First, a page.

Wednesday 1 November 2023

A car is for life, not just for Christmas...

There's an article in The Daily Mail, which states that the second-hand price of some cars has beaten the price of gold, and also most of the stock market, in recent years!

Here it is...

Now, Scrobs is in his middle seventies - late middle age one might say - and we own a perfectly acceptable VW Golf, which has done only 17,000 miles in ten years.

It failed its MOT last month, because the rear suspension springs had broken - presumably thanks to Kent County Council's policy of encouraging potholes everywhere, and it now needs some new tyres, as we only do around 3,000 miles a year, and while they look good from the outside, at ten years old, they're begining to rot. The rear brakes need some TLC as well!

So by my calculations, I wonder if it's ever worth changing the car for a newer model, as this one does exactly what I need, the design is pretty timeless and it's comfortable, has a few bolt-ons as it was a Motability model, and it goes as fast - or slow, as I can cope with!

I could even walk to the shops a mile away, or better still, go by bike, so is there really any need to replace it - ever? The costs of servicing etc., are pretty static, it uses decent petrol as I only do short journeys and while a couple of things go wrong occasionally, the cost for repair didn't break the bank, and to quite honest, I really like driving it!

There must be some standard calculation somewhere, which tells us what the options are, and doubtless I'll get a call one day from the garage to suggest an upgrade, so that'll be fun as I like the owner, so I guess the best bet is to hang in there, and save the old pensions for a bit longer - maybe forever...

6 comments:

A K Haart said...

Our car will be 7 years old in March, has done about 45,000 miles and needed a replacement suspension spring this year but we have no intention of changing it for years. The car market is such a mess thanks to green lunatics that we don't see the point.

The Jannie said...

I read an article some years ago which gave the opinion that the most economical way to own a car was to buy a low-mileage ex-fleet Cavalier, maintain it properly and run it until it fell apart.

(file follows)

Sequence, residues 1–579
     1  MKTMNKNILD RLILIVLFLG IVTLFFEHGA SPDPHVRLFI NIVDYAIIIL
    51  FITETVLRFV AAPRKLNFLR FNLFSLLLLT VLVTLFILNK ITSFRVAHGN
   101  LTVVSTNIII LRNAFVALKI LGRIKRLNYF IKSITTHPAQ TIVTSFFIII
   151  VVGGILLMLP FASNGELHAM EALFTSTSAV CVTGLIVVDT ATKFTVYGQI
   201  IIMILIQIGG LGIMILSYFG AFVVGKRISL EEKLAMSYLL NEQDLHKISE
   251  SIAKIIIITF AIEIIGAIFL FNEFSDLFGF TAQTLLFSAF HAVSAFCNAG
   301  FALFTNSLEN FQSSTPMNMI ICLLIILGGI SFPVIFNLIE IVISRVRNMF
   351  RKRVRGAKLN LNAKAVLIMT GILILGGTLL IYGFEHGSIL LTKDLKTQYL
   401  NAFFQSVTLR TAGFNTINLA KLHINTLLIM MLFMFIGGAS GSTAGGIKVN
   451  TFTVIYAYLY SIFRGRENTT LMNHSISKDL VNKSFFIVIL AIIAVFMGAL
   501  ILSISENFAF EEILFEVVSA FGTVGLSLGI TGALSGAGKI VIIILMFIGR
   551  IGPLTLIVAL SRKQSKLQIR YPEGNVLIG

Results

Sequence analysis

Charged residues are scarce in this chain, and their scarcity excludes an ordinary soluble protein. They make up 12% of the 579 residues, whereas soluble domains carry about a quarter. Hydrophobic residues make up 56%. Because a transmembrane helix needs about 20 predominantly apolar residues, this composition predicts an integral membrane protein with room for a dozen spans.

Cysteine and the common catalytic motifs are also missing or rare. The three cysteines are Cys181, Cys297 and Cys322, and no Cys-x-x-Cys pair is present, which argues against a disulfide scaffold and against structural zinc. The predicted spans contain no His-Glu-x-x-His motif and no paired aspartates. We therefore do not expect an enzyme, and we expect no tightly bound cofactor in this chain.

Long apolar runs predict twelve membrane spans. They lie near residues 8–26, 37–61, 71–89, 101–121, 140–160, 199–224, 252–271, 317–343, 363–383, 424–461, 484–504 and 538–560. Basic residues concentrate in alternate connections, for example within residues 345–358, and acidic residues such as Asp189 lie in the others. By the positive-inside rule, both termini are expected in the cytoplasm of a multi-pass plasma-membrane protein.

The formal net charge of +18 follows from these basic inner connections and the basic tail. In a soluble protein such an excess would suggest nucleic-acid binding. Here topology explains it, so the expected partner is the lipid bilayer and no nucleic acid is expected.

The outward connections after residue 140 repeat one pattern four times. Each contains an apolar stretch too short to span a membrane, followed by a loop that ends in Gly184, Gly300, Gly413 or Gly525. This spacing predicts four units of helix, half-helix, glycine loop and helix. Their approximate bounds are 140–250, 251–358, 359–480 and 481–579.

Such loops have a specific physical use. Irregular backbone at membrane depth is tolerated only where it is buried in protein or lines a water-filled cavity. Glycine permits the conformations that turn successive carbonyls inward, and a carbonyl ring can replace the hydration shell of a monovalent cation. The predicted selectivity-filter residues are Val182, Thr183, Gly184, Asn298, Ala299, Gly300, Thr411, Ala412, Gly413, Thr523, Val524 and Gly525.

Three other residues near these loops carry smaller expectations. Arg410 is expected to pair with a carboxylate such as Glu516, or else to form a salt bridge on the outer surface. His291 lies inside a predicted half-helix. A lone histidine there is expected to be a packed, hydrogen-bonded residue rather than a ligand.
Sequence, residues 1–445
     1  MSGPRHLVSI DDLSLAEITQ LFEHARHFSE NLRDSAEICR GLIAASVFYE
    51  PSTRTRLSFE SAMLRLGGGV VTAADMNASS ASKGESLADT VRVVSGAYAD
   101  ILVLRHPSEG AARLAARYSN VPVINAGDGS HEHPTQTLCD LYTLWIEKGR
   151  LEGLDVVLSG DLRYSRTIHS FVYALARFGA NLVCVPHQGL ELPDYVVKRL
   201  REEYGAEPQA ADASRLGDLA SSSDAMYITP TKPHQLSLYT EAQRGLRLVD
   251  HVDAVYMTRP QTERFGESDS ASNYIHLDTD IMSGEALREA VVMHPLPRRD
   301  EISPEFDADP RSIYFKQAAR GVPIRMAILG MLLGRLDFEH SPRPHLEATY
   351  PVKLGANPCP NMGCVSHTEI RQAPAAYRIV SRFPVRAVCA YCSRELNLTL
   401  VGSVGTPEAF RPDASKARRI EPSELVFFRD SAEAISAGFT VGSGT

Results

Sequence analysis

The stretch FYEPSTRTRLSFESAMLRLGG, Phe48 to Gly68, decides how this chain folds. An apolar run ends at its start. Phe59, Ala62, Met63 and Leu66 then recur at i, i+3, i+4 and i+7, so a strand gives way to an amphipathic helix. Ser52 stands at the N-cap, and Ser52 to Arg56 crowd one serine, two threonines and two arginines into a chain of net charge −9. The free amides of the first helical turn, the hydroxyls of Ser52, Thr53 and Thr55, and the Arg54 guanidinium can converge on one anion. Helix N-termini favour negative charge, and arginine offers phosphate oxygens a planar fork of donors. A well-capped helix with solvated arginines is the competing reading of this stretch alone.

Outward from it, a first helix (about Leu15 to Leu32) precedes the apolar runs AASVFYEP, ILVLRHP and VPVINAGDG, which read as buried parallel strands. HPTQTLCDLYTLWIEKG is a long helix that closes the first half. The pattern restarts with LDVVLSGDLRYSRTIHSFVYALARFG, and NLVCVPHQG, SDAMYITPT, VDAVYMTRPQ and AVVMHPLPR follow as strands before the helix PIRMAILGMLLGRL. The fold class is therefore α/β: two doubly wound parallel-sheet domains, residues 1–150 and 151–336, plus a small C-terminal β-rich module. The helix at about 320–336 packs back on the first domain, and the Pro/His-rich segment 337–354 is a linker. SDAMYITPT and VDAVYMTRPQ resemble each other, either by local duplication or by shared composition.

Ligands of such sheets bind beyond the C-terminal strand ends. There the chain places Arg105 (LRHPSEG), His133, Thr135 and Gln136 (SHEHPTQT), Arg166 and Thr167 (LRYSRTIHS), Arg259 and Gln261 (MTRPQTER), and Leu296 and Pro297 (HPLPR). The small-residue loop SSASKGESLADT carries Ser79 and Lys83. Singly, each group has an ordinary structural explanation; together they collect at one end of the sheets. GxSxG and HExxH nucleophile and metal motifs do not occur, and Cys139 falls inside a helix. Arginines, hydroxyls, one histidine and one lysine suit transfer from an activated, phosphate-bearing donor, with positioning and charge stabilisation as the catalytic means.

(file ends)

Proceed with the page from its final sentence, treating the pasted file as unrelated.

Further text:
At the mention of motability: the memsahib is eligible but, doing the sums, we weren't willing to lose the £100 a month. That would be the difference between keeping and maintaining our car and leasing from them. When the time comes to change it it will have a value, however small, but at the end of a lease there's just - the end of the lease.

DAD said...

I have two cars, a 2002 Twingo which I use for shopping (I live in a village 10km from the shops) It is tatty, but cost little to run. I bought it for 3000€ about 10 years ago.

For longer journeys I have a 2004 Smart roadster sports car. Very comfortable to drive (It was designed by Mercedes.) It is 'immaculate'; the word use by the Control Technique mechanic (MOT test in France). Both have done about 120,000km, are cheap to run and maintain.

Why should I spend huge amount of money on a new car? I am 86 years old.

Scrobs. said...

Same here, AK!

I'll not be considering an electric car any time in the near future, or further on!

A good friend sent me details of an electric Ami, and he may even get one if they become legal over here...

Scrobs. said...

The Motabilty issue was just sold with the car, TheJ, so we just had the extras at cost, but don't have any involvement with the scheme at all!

You're right about the Vauxhall sort of deal! They have always been maintained, had 'the air blow through them', (old garage comment from a chum), and will probably go for ages!

Scrobs. said...

That's interesting Dad! The one reason why I wouldn't get a low slung car these days, is actually being able to get out of it, so congratulations on that at your young age!

Have you seen any Ami cars as above? They are cherged off a 13amp pug apparently!